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[38] that it was watched by only one or two companies; and, moreover, that the run above it was almost everywhere passable for wheeled vehicles.

Midway between the stone bridge and Sudley's Springs, maps indicated another ford which was said to be good.

Notwithstanding our conviction of the practicability of these fords, no known road connected with them from any of the main roads on our side of Bull Run. We had information that a road branched from the Warrenton turnpike, a short distance beyond Cub Run, by which — opening gates and passing through private grounds — we might reach the fords. It was desirable to assure ourselves that this route was entirely practicable. In company with Capt. Woodbury (Engineers) and Gov. Sprague, and escorted by a company of cavalry, I, on the 19th, followed up the valley of Cub Run until we reached a point west ten degrees north, and about four miles in an air line from Centreville, near which we struck a road which we believed to lead to the fords. Following it for a short distance we encountered the enemy's patrols. As we were most anxious to avoid attracting the enemy's attention to our designs in this quarter, we did not care to pursue the reconnoissance further. We had seen enough to be convinced of the perfect practicability of the route. To make more certain of the fords, however, Capt. Woodbury proposed to return at night, and with a few Michigan woodsmen from Col. Sherman's brigade, to endeavor to find them. On returning to camp it was determined to send Capt. Wright and Lieut. Snyder (Engineers) with Capt. Woodbury. At the same time the commanding general directed Capt. Whipple (Topographical Engineers) and Lieut. Prime (Engineers) to make a night reconnaissance of the run between Warrenton Bridge and Blackburn's Ford. Both these night expeditions failed. It was found the enemy occupied the woods too strongly on our side of the run to permit the reconnoissance to be accomplished. It was not our policy to drive in his pickets until we were in motion to attack.

On laying before you the information obtained, the commanding general believed himself justified in adopting the following plan of attack, which was decided upon on the 20th:

First--A false attack to be made by Richardson's brigade (temporarily attached to Miles's division) on Blackburn's Ford, the rest of that division remaining in reserve at Centreville.

Second--Tyler's division to move from its camp at 3 A. M. (the 21st) towards the stone bridge of the Warrenton turnpike, to feign the main attack upon this point.

Third--The divisions of Hunter and Heintzelman (in the order named) to leave their camps at 2 1/2 A. M., (they were encamped about two or three miles behind Tyler,) and, following his movement, to diverge from the Warrenton turnpike at the by-road beyond Cub Run, and take the road for Sudley's Springs — or, rather, it was provided that (if I mistake not) Hunter's division should proceed to Sudley's Springs, and Heintzelman to take the lower ford. These matters, however, to be regulated by circumstances.

It was intended that the head of Hunter's division should be at the turn off at early daylight, or about 4 A. M., and that it should reach Sudley by six or seven.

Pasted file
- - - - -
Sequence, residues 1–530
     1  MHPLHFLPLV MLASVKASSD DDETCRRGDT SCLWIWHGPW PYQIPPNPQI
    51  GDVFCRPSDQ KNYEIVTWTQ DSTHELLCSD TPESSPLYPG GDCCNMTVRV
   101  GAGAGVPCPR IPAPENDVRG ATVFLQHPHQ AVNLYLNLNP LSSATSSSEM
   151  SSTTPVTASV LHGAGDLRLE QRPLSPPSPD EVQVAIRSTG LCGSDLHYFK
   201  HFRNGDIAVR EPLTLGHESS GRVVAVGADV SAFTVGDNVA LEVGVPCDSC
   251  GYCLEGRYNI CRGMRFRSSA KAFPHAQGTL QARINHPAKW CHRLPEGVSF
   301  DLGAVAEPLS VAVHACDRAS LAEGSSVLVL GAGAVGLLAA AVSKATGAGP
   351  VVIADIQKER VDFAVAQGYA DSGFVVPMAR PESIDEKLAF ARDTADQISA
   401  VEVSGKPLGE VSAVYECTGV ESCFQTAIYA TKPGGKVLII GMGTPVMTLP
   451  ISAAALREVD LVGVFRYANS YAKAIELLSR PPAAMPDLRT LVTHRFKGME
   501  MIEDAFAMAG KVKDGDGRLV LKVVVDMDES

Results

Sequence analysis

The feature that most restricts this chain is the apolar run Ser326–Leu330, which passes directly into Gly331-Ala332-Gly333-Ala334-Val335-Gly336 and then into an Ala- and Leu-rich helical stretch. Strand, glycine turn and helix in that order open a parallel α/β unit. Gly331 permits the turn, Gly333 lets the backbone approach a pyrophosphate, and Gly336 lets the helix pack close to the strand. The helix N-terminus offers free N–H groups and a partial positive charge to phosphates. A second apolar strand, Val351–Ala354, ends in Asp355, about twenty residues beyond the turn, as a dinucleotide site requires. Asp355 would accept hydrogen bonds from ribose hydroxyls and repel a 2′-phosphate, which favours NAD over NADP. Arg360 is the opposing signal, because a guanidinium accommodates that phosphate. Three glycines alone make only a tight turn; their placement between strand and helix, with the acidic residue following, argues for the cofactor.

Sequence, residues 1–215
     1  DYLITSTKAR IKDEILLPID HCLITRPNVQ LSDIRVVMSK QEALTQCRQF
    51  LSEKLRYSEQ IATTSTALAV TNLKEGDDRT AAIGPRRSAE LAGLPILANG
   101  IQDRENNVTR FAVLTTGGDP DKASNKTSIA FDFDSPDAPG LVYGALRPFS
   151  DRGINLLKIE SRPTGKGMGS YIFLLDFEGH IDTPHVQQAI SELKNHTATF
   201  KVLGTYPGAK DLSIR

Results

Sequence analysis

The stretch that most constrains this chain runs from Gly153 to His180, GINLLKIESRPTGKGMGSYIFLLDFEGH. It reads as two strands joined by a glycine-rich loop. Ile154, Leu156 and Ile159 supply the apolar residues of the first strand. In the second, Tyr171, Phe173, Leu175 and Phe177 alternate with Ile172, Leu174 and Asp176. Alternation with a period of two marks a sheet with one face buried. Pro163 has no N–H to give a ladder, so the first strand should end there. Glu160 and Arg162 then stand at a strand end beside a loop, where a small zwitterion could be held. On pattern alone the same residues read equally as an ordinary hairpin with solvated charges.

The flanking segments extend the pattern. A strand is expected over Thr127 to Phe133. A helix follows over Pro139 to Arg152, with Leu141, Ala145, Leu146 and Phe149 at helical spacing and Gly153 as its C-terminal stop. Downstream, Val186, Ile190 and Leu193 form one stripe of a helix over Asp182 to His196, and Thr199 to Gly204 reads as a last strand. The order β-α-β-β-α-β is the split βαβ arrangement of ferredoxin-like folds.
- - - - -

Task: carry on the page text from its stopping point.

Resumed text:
You are aware of the unexpected delay. The two leading brigades of Tyler's had not cleared the road for Hunter to this point until half-past 5, and our guide, alleging that a nearer route to the ford would bring our column in sight of the enemy's batteries, led them by so circuitous a way that Hunter did not reach Sudley until half-past 9 or thereabouts.

Accompanying the commanding general, we, as you are aware, after waiting two or three hours at the turn off, rode on to overtake the front of Hunter's division, when we emerged from the woods, nearly northeast of Sudley, into the open country, from whence the course of the run and the slopes of the opposite shore could be seen; we could perceive the enemy's column in motion to meet us. The loss of time here, in a great measure, thwarted our plan. We had hoped to pass the ford and reach the rear of the enemy's forces at Warrenton stone bridge before he could assemble in sufficient force to cope with us.

It now became necessary to have Tyler's division force the passage of the bridge. It had always been intended that this division should pass at or near the bridge, but it was hoped, by taking its defences in rear, it could be passed without force. The commanding general promptly sent orders to Tyler to press his attack with all vigor.

I had yet much confidence that, though we had been anticipated, (owing to the delays mentioned,) the enemy was not yet assembled in numbers to oppose us in great force, (a confidence which I think the facts justified;) that we might successfully attack him in front, while the division of Tyler should fall upon his flank and rear.

When we reached the front of Hunter's column the battle was just commencing. The events of the battle-field will be described in the reports you will receive from other quarters. I was near the commanding general until some time after the arrival of Sherman's brigade on our left. Being accidentally separated, I saw yourself on the right, and joining you, we observed for some time the action on the heights, where the enemy made his final and successful stand. As we were observing, the Zouave regiment of Heintzelman was driven back, leaving Rickett's battery, upon which we observed the enemy charge.

You left me here, and I remained a few minutes longer an anxious spectator, and for the first time beginning to anticipate a possible defeat. Two brigades of Tyler's division had


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